White Island, located off of the North Island coast in New Zealand, had its last eruption in 2013, but remains a popular site that can be accessed with guided tours.
When visiting the area, you’ll come across stunning fumaroles that release steam and gases, hot springs, and acid pools.
Iceland’s Eyjafjallajökull volcano became famous after an eruption in 2010 that led to major delays in air travel. The volcano is one of the most unique, being completely covered by an ice cap, and can be explored adventurously via airplane tours or 4x4 Jeep tours.
Mayon is an active stratovolcano in Albay, Philippines. While the volcano can be climbed, you can also take an ATV tour and ride along its rugged terrain.
Mount Naka is one of the most active of the five summits that sit atop Mount Aso, located in Kyushu, Japan. The volcano has been regularly releasing lava, giving spectators a one-of-a-kind nature show that you can safely watch from the Aso Volcano Museum road.
Kilauea, nestled inside Hawaii Volcanoes National Park in Pahoa, Hawaii, is one of the world’s most active volcanoes. Access its roof via the 19-mile Chain of Craters Road and you’ll be rewarded with unbelievable views of spewing lava.
Mount Batur is an active volcano that rises over 5,000 feet. It is the most active volcano in Bali, Indonesia, and is best accessed by trekking up the route from Toya Bunghah, where you’ll get views of forests, lakes, and live craters.
Mount Erebus, located on Ross Island, Antarctica, is the most active volcano in the area and its second-highest at an elevation of over 12,000 feet. Here, you’ll find an active lava lake that spews clouds of steam into the air, but because the volcano is only accessible via helicopter or by bracing frigid temperatures, getting there can be an adventure in itself.
Mount Etna, located in Sicily, Italy, is Europe’s tallest active volcano at over 10,000 feet high. The highest allowable point for visitors is at about 9,580 feet, where you can regularly see lava flows and craters that have been formed from years of eruptions.
Vanuatu is home to many active volcanoes, but one of its most stunning is Yasur, located in Tanna Island. It can explode with lava multiple times within an hour. It takes three days of hiking to reach its active crater, but it's worth it as its amazing eruptions can reach as high as 1,000 feet.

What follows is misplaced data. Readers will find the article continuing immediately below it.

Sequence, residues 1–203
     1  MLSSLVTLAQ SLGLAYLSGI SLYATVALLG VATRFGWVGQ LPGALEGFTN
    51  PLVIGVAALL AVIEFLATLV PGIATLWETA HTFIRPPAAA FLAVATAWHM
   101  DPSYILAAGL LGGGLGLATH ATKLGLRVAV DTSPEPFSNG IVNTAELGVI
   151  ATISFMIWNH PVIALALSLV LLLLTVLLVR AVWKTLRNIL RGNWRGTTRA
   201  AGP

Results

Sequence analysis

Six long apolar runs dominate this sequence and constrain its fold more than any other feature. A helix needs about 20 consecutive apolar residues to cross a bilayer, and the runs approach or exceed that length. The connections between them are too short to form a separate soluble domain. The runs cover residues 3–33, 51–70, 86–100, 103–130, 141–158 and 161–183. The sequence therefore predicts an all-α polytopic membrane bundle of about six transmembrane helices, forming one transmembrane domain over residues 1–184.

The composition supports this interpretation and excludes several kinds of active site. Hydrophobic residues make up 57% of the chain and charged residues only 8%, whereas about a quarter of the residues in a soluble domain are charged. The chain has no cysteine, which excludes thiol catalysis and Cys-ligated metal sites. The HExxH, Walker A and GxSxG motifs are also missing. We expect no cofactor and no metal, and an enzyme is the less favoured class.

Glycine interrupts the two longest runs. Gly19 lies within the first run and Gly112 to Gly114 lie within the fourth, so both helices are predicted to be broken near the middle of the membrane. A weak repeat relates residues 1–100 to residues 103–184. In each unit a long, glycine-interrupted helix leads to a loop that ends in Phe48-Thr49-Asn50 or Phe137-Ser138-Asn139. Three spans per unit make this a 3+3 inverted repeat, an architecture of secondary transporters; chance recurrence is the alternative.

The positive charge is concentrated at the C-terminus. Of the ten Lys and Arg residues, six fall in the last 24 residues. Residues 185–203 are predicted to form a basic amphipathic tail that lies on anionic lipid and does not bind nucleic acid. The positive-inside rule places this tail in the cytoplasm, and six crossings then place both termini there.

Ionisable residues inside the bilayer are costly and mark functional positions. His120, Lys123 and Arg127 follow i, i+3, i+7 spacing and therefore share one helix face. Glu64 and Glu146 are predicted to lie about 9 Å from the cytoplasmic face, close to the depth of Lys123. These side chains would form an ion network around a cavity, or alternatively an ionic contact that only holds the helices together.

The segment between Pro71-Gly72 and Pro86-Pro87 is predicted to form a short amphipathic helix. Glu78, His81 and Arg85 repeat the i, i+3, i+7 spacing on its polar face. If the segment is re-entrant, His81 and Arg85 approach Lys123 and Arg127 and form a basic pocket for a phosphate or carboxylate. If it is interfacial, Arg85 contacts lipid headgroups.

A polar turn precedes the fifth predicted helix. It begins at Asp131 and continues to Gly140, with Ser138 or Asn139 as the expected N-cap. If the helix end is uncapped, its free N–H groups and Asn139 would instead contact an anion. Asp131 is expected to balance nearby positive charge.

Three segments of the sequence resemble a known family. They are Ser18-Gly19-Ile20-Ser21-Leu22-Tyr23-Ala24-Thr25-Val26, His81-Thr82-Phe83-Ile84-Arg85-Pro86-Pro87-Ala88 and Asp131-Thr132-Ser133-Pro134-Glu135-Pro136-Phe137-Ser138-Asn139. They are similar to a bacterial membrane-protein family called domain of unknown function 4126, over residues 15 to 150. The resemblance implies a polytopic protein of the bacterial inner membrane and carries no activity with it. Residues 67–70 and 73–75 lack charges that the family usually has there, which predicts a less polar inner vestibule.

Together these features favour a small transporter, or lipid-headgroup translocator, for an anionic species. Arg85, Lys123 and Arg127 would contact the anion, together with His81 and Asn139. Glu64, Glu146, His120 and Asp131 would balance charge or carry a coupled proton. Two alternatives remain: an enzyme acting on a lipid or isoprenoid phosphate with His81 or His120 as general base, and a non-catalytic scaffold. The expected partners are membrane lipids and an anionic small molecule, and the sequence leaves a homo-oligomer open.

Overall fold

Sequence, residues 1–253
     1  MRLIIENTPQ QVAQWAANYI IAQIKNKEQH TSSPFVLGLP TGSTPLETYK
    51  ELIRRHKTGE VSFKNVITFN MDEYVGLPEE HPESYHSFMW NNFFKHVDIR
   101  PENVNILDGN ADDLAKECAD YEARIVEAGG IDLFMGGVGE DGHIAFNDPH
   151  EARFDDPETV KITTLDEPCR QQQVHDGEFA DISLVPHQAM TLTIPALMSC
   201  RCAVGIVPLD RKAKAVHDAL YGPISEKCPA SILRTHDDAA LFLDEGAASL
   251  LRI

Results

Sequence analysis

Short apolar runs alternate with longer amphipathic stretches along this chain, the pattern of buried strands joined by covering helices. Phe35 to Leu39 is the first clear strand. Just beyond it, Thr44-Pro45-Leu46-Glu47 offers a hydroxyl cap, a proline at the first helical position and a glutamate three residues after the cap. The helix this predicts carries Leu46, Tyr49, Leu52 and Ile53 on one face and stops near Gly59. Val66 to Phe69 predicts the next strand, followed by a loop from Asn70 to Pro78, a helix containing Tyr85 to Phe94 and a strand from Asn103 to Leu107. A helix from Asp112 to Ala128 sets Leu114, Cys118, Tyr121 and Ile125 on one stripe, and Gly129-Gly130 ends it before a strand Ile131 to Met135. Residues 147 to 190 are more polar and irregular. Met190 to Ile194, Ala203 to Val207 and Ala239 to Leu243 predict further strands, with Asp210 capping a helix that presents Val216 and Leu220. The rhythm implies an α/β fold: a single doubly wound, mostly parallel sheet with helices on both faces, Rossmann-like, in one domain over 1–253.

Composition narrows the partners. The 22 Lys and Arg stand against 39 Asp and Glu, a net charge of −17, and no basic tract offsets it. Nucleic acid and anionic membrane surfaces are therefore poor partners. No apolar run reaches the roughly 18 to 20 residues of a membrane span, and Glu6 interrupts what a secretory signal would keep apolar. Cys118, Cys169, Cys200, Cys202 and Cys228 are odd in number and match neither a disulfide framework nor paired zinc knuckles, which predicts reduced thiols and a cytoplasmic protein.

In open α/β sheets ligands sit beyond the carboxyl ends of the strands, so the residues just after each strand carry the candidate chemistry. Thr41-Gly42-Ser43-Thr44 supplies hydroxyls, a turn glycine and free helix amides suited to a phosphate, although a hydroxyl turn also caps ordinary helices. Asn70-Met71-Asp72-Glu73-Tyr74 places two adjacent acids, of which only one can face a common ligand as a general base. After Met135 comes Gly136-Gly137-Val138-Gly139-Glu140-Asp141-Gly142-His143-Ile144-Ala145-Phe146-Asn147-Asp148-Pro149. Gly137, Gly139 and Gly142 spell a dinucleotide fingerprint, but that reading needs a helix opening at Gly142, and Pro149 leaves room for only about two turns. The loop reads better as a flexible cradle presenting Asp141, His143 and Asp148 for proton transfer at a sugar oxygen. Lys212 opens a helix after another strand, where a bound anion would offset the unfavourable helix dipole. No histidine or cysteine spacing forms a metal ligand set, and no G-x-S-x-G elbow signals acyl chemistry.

Those who make the trek to Yasur get to witness displays like this.
Pacaya is an active volcano near Guatemala City, Guatemala, that regularly erupts. Despite this, it is one of the safest of Guatemala’s active volcanoes to access and has become a popular tourist attraction thanks to the opportunity it gives travelers to get up close to gushing lava.
In Congo’s Virgunga National Park lies Mount Nyiragongo, one of Africa’s most active volcanoes. Accessing it can be challenging considering you’ll need to hike up 4,600 feet to reach the crater’s edge, so it may be worth making the trek with a tour guide.
Piton de la Fournaise is a 8,635-foot volcano nestled in the eastern side of Réunion Island in the Indian Ocean. While access to the highly active areas tends to change based on conditions, you’ll regularly find intense lava displays and active craters.
Since 2004, Nicaragua has started a new trend of “volcano-boarding” on the slopes of the active Cerro Negro volcano. You’re given coveralls, protective goggles, and volcano boards made of metal to surf down the slopes.
Tungurahua is an active volcano that sits high in the Andes Mountains near Baños, Ecuador. It’s been nicknamed “The Black Giant” thanks to its massive explosions.
The 3,031 foot-high Mount Stromboli, located in Sicily, Italy, has almost-constant eruptions throughout the year. You can hike to the summit, but you’ll need to be with a guide if you plan to go above the Sciara del Fuoco point, which is about 1,312 feet up the route.
Mount Sakurajima, located in Kyushu, Japan, is considered one of the most active volcanoes in the world. It can most easily be accessed by the ferries that run between the Kagoshima Port and Sakurajima Ferry Terminal.